Covering the Courts

What Agency and Freelancers Need to Know

Saturday, June 2, 2012; 10:00-4:00 p.m.

LAX – hotel to be announced soon. Please watch our web site for details

Pricing: $99 DRA members - $149 nonmembers

The California court system is in crisis. Courtrooms across the state are closing due to lack of funding, and dozens of official court reporters have been laid off. In 2011, San Francisco Superior Court laid off 24 official court reporters, and in Los Angeles Superior Court alone, 56 courtrooms will be shut down. On May 15, the Los Angeles Superior Court will no longer provide court reporters for civil trials. In addition, after June 18, 2012, court reporters will be available for civil law-and-motion matters on a limited basis.

So what does this mean to freelancers and firm owners? While you might welcome an increased volume of calls from clients asking for a reporter in court, it’s not as simple as merely sending a reporter, producing the transcript in your freelance format, and charging freelance rates. There are strict rules governing court transcripts and page rates, and if you think they don’t apply to private reporters, think again.

“Freelancers should beware of rushing into a California state court without knowing applicable statutes.”

- Court Reporters Board of California, CRB Today newsletter

If you think…

you can work in L.A. courts without prior approval of the Court...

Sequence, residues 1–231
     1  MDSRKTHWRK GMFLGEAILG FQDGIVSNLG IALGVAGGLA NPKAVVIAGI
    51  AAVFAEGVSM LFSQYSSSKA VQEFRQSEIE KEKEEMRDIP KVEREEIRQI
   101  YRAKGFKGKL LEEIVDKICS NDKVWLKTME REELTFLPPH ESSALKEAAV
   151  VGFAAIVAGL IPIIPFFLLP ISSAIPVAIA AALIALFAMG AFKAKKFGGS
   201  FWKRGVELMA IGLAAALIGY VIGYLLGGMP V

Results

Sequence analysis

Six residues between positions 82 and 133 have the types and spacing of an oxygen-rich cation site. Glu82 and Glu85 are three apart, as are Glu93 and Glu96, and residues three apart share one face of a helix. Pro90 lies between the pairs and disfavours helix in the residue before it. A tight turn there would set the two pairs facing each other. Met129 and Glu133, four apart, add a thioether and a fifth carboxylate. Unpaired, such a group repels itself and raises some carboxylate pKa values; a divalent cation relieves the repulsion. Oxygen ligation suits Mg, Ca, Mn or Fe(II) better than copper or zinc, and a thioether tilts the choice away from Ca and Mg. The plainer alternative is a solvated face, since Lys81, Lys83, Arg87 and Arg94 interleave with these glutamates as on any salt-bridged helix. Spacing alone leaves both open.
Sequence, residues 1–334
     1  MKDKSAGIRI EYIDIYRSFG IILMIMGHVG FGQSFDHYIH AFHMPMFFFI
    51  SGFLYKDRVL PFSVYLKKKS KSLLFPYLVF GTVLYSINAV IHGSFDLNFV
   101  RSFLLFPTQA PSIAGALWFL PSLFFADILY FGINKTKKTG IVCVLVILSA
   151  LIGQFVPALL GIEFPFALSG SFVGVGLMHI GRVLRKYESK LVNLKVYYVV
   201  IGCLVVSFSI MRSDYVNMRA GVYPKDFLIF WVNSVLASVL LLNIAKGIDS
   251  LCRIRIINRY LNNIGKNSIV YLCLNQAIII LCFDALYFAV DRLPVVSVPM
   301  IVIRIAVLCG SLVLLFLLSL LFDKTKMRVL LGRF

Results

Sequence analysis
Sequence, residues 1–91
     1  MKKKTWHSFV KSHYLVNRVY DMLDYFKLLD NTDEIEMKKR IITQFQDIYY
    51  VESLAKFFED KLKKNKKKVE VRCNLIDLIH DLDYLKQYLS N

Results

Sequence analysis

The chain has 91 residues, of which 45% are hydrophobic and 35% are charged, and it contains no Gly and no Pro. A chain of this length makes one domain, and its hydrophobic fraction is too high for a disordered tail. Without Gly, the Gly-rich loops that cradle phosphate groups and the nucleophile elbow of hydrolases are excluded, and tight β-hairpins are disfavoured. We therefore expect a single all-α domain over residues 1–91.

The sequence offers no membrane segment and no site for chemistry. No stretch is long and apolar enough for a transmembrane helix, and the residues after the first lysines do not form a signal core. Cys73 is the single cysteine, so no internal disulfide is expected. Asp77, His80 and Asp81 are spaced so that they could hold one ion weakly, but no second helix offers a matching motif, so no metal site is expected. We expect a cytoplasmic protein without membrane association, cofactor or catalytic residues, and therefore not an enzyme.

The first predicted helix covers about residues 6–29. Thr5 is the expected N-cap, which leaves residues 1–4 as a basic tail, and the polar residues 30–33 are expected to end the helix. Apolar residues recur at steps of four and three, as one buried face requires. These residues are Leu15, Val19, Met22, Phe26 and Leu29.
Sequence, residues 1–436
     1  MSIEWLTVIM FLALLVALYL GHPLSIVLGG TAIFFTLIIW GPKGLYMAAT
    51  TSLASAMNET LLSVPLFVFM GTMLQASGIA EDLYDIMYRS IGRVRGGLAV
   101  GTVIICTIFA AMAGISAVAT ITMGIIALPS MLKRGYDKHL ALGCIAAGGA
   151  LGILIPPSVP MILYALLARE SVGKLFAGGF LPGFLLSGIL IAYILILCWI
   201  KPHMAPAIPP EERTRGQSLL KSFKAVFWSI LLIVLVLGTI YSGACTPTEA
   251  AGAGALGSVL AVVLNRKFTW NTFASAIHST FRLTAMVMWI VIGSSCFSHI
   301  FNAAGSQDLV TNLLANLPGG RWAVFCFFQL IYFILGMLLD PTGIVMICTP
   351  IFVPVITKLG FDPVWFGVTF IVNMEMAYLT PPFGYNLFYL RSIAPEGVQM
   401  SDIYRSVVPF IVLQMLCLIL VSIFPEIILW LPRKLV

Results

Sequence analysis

court rules and codes don’t apply to agencies or freelancers...

you can bill freelance rates for court work...

you can produce transcripts using your deposition format...

then you may be putting your license in jeopardy. Get the FACTS first!


• Transcript formatting, including transcripts on appeal and pagination

• What transcript rates the Government Code permits

• Scheduling/coordination – what you need to know when assigning reporters

• Court forms

• How the Court Reporters Board views private reporters covering court

• How to get approved to work in the Los Angeles court system

Views: 1926

Reply to This

Replies to This Discussion

The Court and California code "forgot" that official reporters are paid an annual salary of $80K to $100K+ with benefits and pensions; depo reporters are not. Depo reporters are paid strictly by number of transcript pages, so for a depo reporter to do a court/trial work for the mandated court rate, it's totally not worth it.